Monday, February 12, 2018
The Top Money Mistakes Couples Make
Welcome to Couples Week here at Budget Boss. In honor of Valentine’s Day on Wednesday I have decided to dedicate a whole week to the challenges couples face with money. When you are single, things are easy. You either have money, or you don’t, and the root of all problems is squarely pointed at one person, you. When in a relationship it can get a bit more complicated. Therefore, the financial planner role is so important for couples. They have an objective eye to point out gaps without the emotional attachment. Today I am going to delve into the Top Money Mistakes Couples Make. Often, we get blinded by our love and don’t see that what we are doing might be hurting our relationship. Let us remember that over 50% of marriages end in divorce with money being the main cause. Fixing these issues might make you much happier and a lot richer.
Not opening up about your money past
We all have money mistakes from the past. You may have missed a credit card payment that one time. You might have bounced a cheque when you were 21. You might even have 5 items in collections. You must tell your partner about your money past. The reason is simple. If you plan on being with someone for a long time, they will find out about it anyway. Would you rather they find out from you on your own time or when you both are applying for a mortgage? If you truly love your partner you will understand their mistakes and encourage them to fix them. This is better for them and for both of you as a couple. Hiding your money past is neglecting your future together as a couple. You should also discuss your relationship with money while growing up. Everyone’s childhood was different, and it will often shape how we feel about money moving forward. As a couple, it is important to understand where each person is coming from.
Not communicating about spending and budgets
It is important that both members of a couple are on the same page when it comes to spending. You can’t have one person being Amazon’s best friend while the other is eating a can of beans for dinner. Setting a household budget should be an open exchange of ideas and feelings. It doesn’t have to be rigid or stiff, it can be fun and exciting. You should be able to openly state what you make and what you spend money on. Eventually, the other person will find out. You can’t sneak in the back door with shopping bags forever. Not being open about spending will only lead to resentment which could lead to more bad decisions. Everyone has things that they like to spend money on, so get it out in the open. This will allow you both to pay the bills, save for the future and enjoy your money in the present.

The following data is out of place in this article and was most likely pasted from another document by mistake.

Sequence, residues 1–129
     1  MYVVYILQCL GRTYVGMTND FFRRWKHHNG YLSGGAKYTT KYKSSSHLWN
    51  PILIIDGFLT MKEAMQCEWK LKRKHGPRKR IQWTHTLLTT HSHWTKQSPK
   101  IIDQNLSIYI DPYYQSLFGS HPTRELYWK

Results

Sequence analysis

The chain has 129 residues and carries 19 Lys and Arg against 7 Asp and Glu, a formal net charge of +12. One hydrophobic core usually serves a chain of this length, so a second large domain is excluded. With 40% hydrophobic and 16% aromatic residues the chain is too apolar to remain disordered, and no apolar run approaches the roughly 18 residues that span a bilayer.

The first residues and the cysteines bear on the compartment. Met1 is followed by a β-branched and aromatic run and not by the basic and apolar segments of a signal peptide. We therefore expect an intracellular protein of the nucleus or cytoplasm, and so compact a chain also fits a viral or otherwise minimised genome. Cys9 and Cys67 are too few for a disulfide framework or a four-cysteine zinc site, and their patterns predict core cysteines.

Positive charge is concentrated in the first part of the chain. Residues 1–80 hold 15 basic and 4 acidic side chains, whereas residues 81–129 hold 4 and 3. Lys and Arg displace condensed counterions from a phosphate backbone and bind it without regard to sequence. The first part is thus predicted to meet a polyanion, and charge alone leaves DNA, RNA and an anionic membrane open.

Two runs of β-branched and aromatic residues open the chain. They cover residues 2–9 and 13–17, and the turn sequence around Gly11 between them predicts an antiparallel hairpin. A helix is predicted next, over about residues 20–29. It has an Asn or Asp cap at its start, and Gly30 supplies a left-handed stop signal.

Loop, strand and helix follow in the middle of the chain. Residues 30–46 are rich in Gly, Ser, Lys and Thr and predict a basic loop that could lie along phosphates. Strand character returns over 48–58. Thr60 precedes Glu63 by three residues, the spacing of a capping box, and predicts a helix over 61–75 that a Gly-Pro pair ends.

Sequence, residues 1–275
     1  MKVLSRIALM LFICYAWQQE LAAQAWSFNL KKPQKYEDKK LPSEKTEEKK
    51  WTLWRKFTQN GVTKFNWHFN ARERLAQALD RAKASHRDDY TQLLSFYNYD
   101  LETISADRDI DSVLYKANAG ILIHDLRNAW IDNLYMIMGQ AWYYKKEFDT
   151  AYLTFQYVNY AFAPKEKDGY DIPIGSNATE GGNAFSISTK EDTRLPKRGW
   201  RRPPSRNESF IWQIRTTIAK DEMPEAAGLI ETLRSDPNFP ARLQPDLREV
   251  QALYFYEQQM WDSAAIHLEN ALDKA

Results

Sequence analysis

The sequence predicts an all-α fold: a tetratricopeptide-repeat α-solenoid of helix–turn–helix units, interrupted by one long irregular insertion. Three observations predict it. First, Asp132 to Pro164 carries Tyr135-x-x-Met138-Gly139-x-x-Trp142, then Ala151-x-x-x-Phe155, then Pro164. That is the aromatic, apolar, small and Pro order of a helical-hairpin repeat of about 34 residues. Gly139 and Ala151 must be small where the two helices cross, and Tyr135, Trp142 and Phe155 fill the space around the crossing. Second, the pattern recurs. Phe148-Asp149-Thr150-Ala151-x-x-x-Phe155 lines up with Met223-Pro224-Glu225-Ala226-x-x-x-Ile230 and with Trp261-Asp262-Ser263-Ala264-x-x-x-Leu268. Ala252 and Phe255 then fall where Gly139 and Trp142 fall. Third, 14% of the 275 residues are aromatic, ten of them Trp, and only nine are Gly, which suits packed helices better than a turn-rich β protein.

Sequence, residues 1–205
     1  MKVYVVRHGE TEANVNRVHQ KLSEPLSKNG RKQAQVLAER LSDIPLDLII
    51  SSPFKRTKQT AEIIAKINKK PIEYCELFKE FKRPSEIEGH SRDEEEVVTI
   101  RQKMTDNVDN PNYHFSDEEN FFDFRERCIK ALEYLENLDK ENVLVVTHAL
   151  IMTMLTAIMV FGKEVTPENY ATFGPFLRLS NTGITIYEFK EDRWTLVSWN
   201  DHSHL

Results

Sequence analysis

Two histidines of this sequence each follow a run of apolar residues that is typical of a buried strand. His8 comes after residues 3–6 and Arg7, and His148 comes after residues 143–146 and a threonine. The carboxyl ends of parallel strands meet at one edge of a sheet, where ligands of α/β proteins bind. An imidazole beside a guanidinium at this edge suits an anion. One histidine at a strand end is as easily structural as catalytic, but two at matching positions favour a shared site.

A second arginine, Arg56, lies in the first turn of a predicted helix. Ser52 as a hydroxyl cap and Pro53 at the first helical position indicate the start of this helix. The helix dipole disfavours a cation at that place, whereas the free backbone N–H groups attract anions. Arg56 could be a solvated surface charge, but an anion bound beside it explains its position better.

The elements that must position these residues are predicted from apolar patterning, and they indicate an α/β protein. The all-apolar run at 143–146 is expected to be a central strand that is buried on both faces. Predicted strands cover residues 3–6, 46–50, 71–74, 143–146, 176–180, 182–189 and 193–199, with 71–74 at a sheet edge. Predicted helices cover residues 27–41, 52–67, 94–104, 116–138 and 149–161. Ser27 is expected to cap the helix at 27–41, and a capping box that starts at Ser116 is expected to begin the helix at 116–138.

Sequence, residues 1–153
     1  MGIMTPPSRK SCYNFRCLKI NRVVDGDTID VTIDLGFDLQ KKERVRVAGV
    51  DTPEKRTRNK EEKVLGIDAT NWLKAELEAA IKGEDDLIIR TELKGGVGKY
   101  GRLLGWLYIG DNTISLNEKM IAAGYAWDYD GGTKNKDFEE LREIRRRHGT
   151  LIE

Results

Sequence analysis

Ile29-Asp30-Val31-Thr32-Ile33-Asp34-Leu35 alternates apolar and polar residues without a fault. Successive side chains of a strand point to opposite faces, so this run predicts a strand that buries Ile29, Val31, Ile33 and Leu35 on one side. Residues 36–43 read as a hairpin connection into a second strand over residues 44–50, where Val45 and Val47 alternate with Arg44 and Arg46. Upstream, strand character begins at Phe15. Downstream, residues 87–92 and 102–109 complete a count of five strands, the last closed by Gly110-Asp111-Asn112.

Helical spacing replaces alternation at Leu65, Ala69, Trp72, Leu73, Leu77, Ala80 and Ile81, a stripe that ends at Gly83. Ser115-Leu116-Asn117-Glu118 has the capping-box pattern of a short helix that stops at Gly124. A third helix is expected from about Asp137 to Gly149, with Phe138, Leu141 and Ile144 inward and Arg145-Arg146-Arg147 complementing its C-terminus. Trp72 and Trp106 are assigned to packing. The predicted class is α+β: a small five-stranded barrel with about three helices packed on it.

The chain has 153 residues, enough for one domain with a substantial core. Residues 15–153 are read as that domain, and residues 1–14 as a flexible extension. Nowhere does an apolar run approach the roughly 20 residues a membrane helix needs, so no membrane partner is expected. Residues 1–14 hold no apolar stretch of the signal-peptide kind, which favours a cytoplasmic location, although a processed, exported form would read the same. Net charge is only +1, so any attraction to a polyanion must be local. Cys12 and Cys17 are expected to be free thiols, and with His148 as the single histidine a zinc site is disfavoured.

Not setting common financial goals
As a couple, it is paramount to set financial goals. Whether it be to make rent every month or to save for retirement, these goals should be done together. It creates a team environment that will sustain you through the tougher times. It also helps you be accountable to someone other than yourself. Just like sitting down and talking budgets with your partner, you should also discuss your future financial goals. You can even have a time every month where you do the two. Call it your budget/goal date where you both sit down every month and discuss money. You can track the progress together and discuss the roadblocks you both face. Doing this will allow you both to build a stronger, more stable relationship and it will become extremely important when children are thrown into the mix.